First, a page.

Then there is the economic disaster that the Bushies created with not just their war spending and rampant allowing of profiteering by their cronies in the private sector but also with their moronic tax cut policies drying up revenues, finance free home ownership and talking up how many new homes were bought by people that could never afford them outside of the bubble in that market and the near nonexistent interest rates of the day, and causing massive borrowing (both domestic with the keep shopping admonitions and internationally to fuel their budgets) and their tendency to keep little minor things like war spending off book as much as possible which still has to be truly tallied up.

I mean Bushco doubled American debt in eight years and that from a surplus position when they came to power. That money had to come from somewhere, and when you are talking about the ballpark of 5 TRILLION DOLLARS of new debt (not including what dealing with this crisis is going to require Obama to spend through borrowing on top of that staggering amount) being absorbed by the global community that is money not available for spending elsewhere. The ripple effects here are just beginning to be felt, and while I am not convinced it is on a par with the Great Depression, it is most certainly the first economic crisis to come close enough to it for fair comparison and still has the possibility of getting to that level or worse depending on how the next year or two goes.

Politically, Bushco has done massive damage to the international reputation of America as a beacon of civil liberties (which granted was somewhat inflated prior to the Bush years but was still seen by many in the poorer parts of the world as a shining beacon of hope, not a small thing I would argue for helping people from reaching absolute desperation and the ills that come from such mindsets) , especially with its open endorsement of torture and extraordinary renditions to governments to torture for them a la Mahar Arar (which of course they took one last stab at via another travesty, Omar Khadr yesterday, as Dr Dawg and others took note of here). The damage done to the process of international relations and diplomacy is not inconsequential and I suspect that will also be a long time healing, both directly for America vis a vis the rest of the world and the impact on the global balance of power that inevitably brings along with it.

Then there is the damage to international security thanks to the Bush policies of torture, renditioning, preemptive war, and essentially blanket suspicion of Islamic peoples (despite all the mealymouthed comments about how it was only those that abused Islam). The impression the bulk of the planet was left with was a white Christian crusade against the dark infidel Muslim, especially after the rationale for invading Iraq collapsed beyond any resuscitation (except by ideological allies around the world of course, but then their capacity for self delusion is already well known) and ended up looking like nothing more than a crusade.

Then there is Afghanistan which WAS a legitimate target after 9/11/01 because of AQ being based there and the Taliban's reluctance to act swiftly enough against them and bin Laden. Yet that was never given anywhere near the American military resources to do the job, and much of what started there ended up being more prepositioning for Iraq in the end. Not to mention the total lack of serious infrastructure building there despite promises not to forget them again as happened after the USSR pulled out during the tail end of the Cold War. Nor for that matter America being the one attacked yet America then left her foreign allies to carry the bulk of that conflict and reconstruction costs to pursue the idiocy that was Iraq when it should have full well known they lacked the capacity in both military and civilian resources to manage that theater.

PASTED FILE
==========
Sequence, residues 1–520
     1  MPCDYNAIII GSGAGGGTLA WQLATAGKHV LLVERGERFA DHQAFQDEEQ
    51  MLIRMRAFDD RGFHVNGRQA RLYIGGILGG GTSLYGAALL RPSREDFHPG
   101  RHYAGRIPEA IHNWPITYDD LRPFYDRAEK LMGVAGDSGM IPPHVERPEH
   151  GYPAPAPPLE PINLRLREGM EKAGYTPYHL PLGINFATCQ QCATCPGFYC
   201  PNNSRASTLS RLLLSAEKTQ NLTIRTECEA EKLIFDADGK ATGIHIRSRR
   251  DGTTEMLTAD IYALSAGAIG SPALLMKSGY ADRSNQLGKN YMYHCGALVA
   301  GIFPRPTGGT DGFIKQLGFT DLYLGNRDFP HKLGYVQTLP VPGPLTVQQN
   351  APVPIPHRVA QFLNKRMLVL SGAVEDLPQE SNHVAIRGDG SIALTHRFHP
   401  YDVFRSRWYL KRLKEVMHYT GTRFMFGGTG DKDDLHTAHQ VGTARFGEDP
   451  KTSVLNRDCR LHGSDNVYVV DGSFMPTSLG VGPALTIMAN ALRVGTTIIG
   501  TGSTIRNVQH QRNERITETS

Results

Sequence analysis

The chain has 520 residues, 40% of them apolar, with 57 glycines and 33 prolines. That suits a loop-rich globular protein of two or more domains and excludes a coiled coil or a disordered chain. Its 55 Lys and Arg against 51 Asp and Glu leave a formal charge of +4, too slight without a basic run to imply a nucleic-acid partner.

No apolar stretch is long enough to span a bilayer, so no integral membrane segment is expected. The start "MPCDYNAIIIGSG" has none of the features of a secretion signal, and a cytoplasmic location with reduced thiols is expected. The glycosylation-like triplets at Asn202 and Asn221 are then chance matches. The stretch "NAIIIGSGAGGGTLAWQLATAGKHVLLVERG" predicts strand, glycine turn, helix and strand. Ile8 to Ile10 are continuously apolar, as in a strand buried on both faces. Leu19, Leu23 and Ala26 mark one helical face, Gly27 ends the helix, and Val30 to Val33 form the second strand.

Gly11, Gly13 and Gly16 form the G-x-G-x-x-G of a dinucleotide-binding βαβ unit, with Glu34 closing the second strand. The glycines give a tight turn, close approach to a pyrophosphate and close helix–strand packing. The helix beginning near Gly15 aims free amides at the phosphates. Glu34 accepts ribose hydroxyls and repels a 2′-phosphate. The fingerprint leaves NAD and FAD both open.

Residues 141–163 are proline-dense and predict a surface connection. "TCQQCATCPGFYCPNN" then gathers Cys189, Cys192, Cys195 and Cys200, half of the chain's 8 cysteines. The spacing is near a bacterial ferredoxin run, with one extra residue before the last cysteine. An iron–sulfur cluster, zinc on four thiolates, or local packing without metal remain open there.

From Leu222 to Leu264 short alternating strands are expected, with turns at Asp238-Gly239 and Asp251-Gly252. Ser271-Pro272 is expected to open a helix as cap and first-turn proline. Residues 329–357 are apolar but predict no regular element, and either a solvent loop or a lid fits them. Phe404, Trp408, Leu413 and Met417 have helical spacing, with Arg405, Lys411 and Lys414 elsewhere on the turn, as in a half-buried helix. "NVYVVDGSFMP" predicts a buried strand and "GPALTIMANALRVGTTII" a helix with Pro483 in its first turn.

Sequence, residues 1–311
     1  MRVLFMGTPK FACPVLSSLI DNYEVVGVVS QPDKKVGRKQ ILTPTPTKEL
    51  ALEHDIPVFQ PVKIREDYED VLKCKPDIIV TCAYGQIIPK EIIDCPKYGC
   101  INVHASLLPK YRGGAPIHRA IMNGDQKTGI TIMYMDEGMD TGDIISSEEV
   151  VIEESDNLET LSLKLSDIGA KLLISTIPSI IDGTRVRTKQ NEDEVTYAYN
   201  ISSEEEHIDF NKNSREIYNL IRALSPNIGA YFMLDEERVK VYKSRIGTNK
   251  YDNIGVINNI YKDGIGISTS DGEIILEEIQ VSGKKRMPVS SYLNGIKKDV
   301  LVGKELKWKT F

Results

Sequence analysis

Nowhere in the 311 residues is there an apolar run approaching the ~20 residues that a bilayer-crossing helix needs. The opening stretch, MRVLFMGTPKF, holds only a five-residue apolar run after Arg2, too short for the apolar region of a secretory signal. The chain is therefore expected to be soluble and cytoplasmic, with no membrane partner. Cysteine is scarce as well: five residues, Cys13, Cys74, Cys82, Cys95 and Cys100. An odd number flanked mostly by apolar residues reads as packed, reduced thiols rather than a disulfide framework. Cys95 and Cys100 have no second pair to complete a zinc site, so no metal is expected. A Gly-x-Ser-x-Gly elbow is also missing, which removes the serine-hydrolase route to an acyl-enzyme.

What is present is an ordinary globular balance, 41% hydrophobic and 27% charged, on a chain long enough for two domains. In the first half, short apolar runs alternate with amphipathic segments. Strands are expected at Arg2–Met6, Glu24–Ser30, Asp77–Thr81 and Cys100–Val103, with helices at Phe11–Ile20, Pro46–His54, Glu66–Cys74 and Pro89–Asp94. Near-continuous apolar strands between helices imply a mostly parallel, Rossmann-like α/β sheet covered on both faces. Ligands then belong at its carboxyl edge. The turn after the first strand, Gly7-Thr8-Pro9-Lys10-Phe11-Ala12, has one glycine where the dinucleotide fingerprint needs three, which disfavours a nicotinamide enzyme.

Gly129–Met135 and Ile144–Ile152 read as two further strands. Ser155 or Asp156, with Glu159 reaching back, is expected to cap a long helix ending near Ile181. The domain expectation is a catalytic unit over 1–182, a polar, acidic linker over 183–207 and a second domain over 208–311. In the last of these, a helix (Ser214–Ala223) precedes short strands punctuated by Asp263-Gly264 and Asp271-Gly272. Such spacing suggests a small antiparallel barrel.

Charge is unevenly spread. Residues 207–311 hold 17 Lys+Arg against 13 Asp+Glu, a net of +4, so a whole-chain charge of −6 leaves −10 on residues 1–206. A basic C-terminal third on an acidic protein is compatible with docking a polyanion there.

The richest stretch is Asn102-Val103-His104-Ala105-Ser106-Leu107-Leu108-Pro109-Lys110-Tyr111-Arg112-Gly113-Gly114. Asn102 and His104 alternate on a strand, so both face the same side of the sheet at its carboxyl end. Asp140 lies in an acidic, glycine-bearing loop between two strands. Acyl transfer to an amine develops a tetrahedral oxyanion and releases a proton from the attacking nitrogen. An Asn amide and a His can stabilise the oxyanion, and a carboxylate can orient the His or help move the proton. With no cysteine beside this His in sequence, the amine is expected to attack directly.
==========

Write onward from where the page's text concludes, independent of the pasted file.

That not only strained the resources of the countries involved (including Canada's) but also did more than a little damage to the relationships between America and her traditional allies as a direct result on top of the damage done by the deceptions in claiming Iraq was a necessary war. The long term implications on security arrangements between traditional allies and alliances involved cannot be ignored nor understated as well. Not to mention also damaging the international reputation of many of those allies because of how Afghanistan was mismanaged and what the Americans made many of these other democracies a party to directly and indirectly while claiming to be the ones in charge, especially in the first few years.

I mean these are just a few major elements from the Bush years that will continue to have long lasting effects long after today has passed, and not even near a total list of such, just enough to make my point. GWB may now be no longer in a position to continue furthering the multiple disasters he and his minions have spawned both domestically and beyond, but their impacts will continue to ripple for a long time to come. Facing that I find it difficult to feel any real sense of hope and optimism with today's change, the most I can muster is a sense of relief that at least no further damage can be done by Bushco's abuses of American Presidential power.

While I would like to hope Obama is up to the task, he never impressed me all that much from the outset, and watching the way he won the primary really put me off on him overall. Too much symbolism and not enough substance. I would love to end up being proven wrong, but I can't shake the feeling he is the wrong person for this job at this time, all the symbolism of hope having an African American President symbolizes notwithstanding, and while he will clearly be a major step up from what we are losing today that does not mean he is truly up to the myriad of massive challenges facing America (and in all to many cases the rest of the world by extension) today left by the worst President in American history, let alone modern history.

Well, at least we all can have some basis for relief and hope that things will finally start to improve with the departure of Bush and the office of President not being retained by those with an active interest in covering things up and furthering many of these disastrous policies that would have occurred under a GOP victory by McCain. That in itself is worth no small thing, even if when compared to the overall situation it is still a small to almost minuscule value thanks to the unprecedented damages done by Bushco.


I know this sounds rather bleak and cynical of me, but it is what I see, and the one thing I try to do in everything I write about, be it here or commenting elsewhere is to call things as I see them, even when others disagree. I also would like to add that I hope this is not my last post for a while again, I am trying to be back on a regular basis, but I do have some medical issues still overhanging, and I have a procedure coming up at the beginning of the next month (nothing major, but given I have limited stamina and resources it may take a lot out of me nonetheless) so I can't promise anything.

My thanks to those that have wished me and my health well, and my gratitude to those that have let me know I was missed, to this day I find it hard to believe that my well known predilection for a long winded writing style is read and welcomed by as many people as I have seen it to be. In this day and age of short attention spans I sort of take it for granted that my style doesn't work well for the times I live in, but it is the only style I have. I write the way I think and speak for better or worse, and I will not change it to suit those that prefer short bites instead of the density that is my style. At least I am trying to limit my paragraph size to make reading me easier...:)